Urine is an important source of biomarkers. This article reviews current advances, major challenges, and future prospects in the field of urinary proteomics. Because the practical clinical problem is to distinguish diseases with similar symptoms, merely comparing samples from patients of a particular disease to those of healthy individuals is inadequate for finding biomarkers with sufficient diagnostic power. In addition, the variation of expression levels of urinary proteins among healthy individuals and individuals under different physiological conditions adds to the difficulty in identifying biomarkers. We propose that establishing the natural variation in urinary protein expression among a healthy population can serve as a reference to help identify protein abundance changes that are caused by disease, not by individual variations or physiological changes. We also discuss that comparing protein expression levels between urine and plasma may reveal the physiological function of the kidney and that may facilitate biomarker discovery. Finally, we propose that establishing a data-sharing platform for data collection and integrating results from all urinary biomarker studies will help promote the development of urinary proteomics. PMID:21455690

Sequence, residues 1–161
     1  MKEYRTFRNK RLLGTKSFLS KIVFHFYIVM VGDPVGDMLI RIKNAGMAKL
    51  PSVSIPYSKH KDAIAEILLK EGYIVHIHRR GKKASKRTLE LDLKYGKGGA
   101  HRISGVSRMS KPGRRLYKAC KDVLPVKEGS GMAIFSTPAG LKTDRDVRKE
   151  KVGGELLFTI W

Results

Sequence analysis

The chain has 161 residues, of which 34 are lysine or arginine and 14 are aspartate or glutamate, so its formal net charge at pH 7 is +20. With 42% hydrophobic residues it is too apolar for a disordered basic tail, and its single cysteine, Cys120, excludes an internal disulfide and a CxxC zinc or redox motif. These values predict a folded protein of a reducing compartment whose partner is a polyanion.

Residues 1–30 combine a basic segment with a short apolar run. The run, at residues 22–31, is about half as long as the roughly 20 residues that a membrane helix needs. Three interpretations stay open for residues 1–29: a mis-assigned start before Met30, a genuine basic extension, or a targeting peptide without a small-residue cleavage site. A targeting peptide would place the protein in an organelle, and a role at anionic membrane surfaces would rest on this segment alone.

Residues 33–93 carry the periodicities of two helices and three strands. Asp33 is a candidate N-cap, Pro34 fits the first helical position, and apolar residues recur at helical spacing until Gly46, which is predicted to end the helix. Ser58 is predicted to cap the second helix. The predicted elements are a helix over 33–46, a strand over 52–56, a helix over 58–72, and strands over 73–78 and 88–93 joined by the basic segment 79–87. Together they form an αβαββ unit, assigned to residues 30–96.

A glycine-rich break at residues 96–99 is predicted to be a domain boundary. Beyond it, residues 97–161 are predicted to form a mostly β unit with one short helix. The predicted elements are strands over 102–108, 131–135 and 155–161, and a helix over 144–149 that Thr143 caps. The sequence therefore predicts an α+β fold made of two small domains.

4. [Diagnostic algorithms in female urinary incontinence].

    PubMed

    Vlk, R; Chmel, R

    2005-01-01